Can anyone tell me what baseline crank length is used as a baseline by the Zwift training programs? When it tells you to spin at - 100RPM - that number is based on a specific programmed crank arm length. I have long legs and long crank arms and want to calculate the equivalent RPMs I should be pedaling based on the ratio between them.
Does Zwift base this RPM on a crank length of 170mm, 172.5, 175, 180???
Or 165mm crank length, which is increasingly becoming the length of choice?
The Zwift training programs, as far as I understand, originate with myriad sources, including those that you might design yourself (custom workouts). As such, there would be no such “baseline”. Further, my gut is telling me that all the training programs are seeking a particular cardio/aerobic outcome by including cadence requirements coupled with power. 200 W and 70 cadence has quite a different outcome than 200 W paired with a 110 cadence, regardless of crank arm dimensions. In other words, crank length does not matter to the training effect being targeted by these programs - so NO, that “number is [NOT] based on a specific programmed crank arm length” IMHO. If your equipment permits, adjust your gearing such that you can meet both the power goal, and cadence target. All cyclists have particular cadence bands that they prefer (which may vary depending on slope and terrain), but nearly all riders know the difference between 60 RPM and 120 RPMs. These cadence zones are interesting to measure, individually, especially from the perspective of Heart Rate response.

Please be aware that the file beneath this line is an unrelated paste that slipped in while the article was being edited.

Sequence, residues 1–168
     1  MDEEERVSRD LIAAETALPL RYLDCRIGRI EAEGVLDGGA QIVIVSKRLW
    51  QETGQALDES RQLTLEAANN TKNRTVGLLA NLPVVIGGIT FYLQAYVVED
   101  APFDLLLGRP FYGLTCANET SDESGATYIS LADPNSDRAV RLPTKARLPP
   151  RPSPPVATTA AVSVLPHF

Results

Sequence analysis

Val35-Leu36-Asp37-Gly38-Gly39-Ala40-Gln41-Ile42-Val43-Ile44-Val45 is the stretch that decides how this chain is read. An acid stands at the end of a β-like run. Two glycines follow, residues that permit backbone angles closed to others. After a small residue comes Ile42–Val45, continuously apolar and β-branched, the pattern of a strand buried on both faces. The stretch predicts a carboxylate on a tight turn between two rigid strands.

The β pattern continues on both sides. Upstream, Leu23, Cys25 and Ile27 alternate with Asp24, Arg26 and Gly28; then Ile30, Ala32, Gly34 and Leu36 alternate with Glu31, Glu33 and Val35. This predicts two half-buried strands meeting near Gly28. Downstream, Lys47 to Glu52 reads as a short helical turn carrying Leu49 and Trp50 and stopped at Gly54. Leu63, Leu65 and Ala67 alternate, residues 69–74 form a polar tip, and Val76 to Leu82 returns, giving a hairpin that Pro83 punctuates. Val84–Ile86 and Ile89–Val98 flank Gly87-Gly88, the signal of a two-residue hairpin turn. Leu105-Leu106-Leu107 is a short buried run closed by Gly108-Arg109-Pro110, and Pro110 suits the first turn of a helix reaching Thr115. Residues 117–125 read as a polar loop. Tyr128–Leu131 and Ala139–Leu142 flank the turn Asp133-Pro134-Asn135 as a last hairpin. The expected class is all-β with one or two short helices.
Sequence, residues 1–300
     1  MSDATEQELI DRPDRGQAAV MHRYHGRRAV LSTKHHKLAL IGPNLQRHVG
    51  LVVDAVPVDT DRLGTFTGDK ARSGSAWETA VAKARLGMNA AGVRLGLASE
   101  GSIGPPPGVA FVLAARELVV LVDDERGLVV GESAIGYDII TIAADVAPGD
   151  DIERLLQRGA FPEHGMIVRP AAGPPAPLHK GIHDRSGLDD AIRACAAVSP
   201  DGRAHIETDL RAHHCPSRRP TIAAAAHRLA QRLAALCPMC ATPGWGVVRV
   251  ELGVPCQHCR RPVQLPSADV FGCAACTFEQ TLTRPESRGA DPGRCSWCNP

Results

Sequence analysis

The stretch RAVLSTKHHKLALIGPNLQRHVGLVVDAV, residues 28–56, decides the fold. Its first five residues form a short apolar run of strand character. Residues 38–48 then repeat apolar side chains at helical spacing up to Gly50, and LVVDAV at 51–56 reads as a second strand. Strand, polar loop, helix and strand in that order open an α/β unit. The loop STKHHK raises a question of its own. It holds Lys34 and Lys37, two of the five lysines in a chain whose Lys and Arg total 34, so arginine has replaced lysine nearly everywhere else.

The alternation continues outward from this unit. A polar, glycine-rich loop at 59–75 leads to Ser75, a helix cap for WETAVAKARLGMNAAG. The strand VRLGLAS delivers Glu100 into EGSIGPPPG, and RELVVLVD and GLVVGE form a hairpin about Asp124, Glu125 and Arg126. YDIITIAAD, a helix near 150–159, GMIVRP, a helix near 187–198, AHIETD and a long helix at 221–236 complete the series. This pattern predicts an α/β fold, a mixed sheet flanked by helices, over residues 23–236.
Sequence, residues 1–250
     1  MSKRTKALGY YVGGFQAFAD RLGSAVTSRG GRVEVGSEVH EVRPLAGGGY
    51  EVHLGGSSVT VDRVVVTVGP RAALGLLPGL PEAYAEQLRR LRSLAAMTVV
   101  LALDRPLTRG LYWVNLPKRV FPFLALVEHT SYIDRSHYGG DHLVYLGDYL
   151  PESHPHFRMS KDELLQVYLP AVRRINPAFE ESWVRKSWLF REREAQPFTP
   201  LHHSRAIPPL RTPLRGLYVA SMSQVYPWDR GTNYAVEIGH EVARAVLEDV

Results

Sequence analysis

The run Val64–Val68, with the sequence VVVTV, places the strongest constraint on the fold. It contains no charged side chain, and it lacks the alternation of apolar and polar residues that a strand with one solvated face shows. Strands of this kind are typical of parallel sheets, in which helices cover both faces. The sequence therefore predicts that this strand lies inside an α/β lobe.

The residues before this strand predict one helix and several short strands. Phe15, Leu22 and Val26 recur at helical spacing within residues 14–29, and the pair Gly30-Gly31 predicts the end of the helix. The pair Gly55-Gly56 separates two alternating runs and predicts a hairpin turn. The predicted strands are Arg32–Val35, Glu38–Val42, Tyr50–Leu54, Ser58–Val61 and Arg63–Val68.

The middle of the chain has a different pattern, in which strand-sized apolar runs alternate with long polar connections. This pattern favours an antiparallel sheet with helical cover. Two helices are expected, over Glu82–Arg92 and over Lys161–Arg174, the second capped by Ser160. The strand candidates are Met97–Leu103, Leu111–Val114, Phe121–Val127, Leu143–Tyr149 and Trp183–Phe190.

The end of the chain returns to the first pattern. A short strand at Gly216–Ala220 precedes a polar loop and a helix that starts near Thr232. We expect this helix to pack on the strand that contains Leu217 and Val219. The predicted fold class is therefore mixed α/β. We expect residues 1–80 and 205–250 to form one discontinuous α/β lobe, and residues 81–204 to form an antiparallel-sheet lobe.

On many of my training sessions, which I’m targeting at Velodrome events, I use a track bike with fixed gearing. These incessant cadence reminders drive me nuts, because in most instances I cannot meet the requirements of both power AND cadence. You should know, BTW, that Zwift workouts are governed (IOW: gold stars awarded) based on the power guidelines being met, and totally ignore the cadence targets. I just wish I could turn them off when I’m not on my multi-geared equipment…
Randy, I am not sure I understand your logic, how crank length is related to cadence? I mean, it is known that it is easier to maintain a higher cadence with shorter cranks. I noticed that when I moved from 175 mm to 170 mm cranks (moved pedals into other holes), my average cadence improved by estimated 3-4 rpms. This is a relatively small change, and I could vary cadence in a wide range with both longer and shorter cranks. I can do 100 with 170 and with 175 mm, and certainly can with 165 mm. Zwift does not enforce cadence, it is just a target, recommendation. You will not lose XPs or a star in a workout if you do not meet the cadence target. The meaning of it is to encourage you to spin faster. Are you sure you are not overthinking this? If Zwift tells you to spin at a 100, and you increase it to 95, it is still good! There is no hard core science behind it!